The redistribution and fate of contaminants in pig slurry after direct injectionwere investigated at two field sites, Silstrup (sandy clay loam) and Estrup (sandy loam), in Denmark. Intact soil samples were collected for up to seven weeks after slurry injection and concentrations of Salmonella Typhimurium Bacteriophage 28B (phage 28B), Escherichia coli, steroid hormones and other slurry components (water, volatile solids, chloride and mineral N) determined in and around the injection slit. The two experiments at Silstrup and Estrup differed with respect to slurry solid content (6.3 vs. 0.8%), as well as soil clay content (27 vs. 15%) and differed considerably with respect to the initial redistribution of slurry-borne contaminants in soil. The transport of microorganisms from the slurry injection slit to the surrounding soilwasmuch lower than that of mineralN and chloride due to attachment and entrapment. The redistribution of E. coli was more affected by site-specific conditions compared to phage 28B, possibly due to the larger cell size of E. coli. The overall recovery of phage 28B was 0.8–4%, and of E. coli 0.0–1.3% in different samples, by the end of the study. Nine different steroid hormones were detected in the slurry slit, and a slow redistribution to the surrounding soil was observed. Overall recovery of estrogens was 0.0 to 6.6% in different samples. The study showed that the combination of soil and slurry properties determined the initial spreading of contaminants, and hence the potential for subsequent leaching.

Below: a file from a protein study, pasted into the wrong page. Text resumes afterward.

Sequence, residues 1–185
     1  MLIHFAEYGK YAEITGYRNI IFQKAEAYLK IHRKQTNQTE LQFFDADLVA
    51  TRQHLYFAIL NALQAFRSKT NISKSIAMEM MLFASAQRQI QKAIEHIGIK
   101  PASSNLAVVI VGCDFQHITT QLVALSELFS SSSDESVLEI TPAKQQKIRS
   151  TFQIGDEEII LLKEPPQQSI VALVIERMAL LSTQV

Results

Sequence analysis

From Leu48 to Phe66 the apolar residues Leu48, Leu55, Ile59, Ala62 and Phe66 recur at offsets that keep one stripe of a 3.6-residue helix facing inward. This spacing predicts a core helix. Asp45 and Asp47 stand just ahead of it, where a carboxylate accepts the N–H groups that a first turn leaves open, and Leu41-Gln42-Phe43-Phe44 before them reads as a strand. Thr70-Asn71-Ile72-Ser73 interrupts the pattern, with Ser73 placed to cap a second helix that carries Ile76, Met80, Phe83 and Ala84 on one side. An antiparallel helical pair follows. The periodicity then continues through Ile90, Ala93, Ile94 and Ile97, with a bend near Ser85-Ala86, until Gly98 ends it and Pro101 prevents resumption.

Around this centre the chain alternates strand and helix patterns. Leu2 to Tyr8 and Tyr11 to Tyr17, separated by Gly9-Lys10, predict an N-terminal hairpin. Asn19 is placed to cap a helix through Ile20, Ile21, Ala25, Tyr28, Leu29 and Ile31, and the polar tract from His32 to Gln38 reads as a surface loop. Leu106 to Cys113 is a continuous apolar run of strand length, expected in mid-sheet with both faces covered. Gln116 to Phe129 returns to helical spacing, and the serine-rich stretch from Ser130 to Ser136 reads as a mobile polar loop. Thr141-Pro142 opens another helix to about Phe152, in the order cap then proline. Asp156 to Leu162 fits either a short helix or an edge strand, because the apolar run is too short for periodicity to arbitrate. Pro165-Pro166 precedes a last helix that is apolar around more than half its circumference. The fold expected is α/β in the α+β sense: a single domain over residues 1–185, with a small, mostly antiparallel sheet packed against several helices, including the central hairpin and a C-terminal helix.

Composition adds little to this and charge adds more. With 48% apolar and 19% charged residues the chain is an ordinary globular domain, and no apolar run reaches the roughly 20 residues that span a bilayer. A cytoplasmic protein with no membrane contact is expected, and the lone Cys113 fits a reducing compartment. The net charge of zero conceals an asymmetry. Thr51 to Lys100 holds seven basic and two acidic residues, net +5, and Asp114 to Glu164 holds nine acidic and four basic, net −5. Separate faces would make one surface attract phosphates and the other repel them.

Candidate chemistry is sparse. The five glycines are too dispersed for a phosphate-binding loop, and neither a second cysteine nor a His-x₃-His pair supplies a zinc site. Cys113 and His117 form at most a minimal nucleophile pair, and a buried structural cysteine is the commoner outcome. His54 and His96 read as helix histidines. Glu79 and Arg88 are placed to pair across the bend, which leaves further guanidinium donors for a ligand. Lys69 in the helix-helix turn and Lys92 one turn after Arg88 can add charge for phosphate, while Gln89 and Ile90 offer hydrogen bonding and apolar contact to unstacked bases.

Science of the Total Environment, 2014, Vol 466-467, p. 1003-1010
Animals; Colony Count, Microbial; Denmark; Escherichia coli; Gas Chromatography-Mass Spectrometry; Gonadal Steroid Hormones; Manure; Nitrogen; Salmonella Phages; Soil Microbiology; Soil Pollutants; Sus scrofa; Tandem Mass Spectrometry; water treatment; aecal contaminati on; heavy metals; food hygiene; waste- water nutrients value